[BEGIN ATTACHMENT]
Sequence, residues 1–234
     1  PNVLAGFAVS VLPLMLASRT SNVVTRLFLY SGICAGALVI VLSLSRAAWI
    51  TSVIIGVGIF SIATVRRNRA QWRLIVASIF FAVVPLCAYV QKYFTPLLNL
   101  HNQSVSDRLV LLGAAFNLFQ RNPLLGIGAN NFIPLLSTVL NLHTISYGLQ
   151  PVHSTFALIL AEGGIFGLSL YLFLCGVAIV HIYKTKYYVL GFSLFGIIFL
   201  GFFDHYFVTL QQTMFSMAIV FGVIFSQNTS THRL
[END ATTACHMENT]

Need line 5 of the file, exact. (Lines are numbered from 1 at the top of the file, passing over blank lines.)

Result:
   151  PVHSTFALIL AEGGIFGLSL YLFLCGVAIV HIYKTKYYVL GFSLFGIIFL